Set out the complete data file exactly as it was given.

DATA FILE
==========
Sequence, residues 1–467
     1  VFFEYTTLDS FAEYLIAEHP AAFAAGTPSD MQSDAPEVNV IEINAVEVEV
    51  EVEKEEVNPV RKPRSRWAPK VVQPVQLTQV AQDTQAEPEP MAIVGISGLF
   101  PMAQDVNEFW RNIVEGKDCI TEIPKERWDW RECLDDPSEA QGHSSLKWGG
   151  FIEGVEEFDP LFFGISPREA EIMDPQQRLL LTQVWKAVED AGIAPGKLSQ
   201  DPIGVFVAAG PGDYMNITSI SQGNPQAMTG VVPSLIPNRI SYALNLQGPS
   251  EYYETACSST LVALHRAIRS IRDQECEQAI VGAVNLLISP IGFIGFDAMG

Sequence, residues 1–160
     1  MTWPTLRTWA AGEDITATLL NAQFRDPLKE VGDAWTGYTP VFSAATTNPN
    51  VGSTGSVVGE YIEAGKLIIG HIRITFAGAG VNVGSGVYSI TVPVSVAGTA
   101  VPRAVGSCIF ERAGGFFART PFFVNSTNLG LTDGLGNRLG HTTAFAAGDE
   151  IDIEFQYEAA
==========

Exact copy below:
Sequence, residues 1–467
     1  VFFEYTTLDS FAEYLIAEHP AAFAAGTPSD MQSDAPEVNV IEINAVEVEV
    51  EVEKEEVNPV RKPRSRWAPK VVQPVQLTQV AQDTQAEPEP MAIVGISGLF
   101  PMAQDVNEFW RNIVEGKDCI TEIPKERWDW RECLDDPSEA QGHSSLKWGG
   151  FIEGVEEFDP LFFGISPREA EIMDPQQRLL LTQVWKAVED AGIAPGKLSQ
   201  DPIGVFVAAG PGDYMNITSI SQGNPQAMTG VVPSLIPNRI SYALNLQGPS
   251  EYYETACSST LVALHRAIRS IRDQECEQAI VGAVNLLISP IGFIGFDAMG

Sequence, residues 1–160
     1  MTWPTLRTWA AGEDITATLL NAQFRDPLKE VGDAWTGYTP VFSAATTNPN
    51  VGSTGSVVGE YIEAGKLIIG HIRITFAGAG VNVGSGVYSI TVPVSVAGTA
   101  VPRAVGSCIF ERAGGFFART PFFVNSTNLG LTDGLGNRLG HTTAFAAGDE
   151  IDIEFQYEAA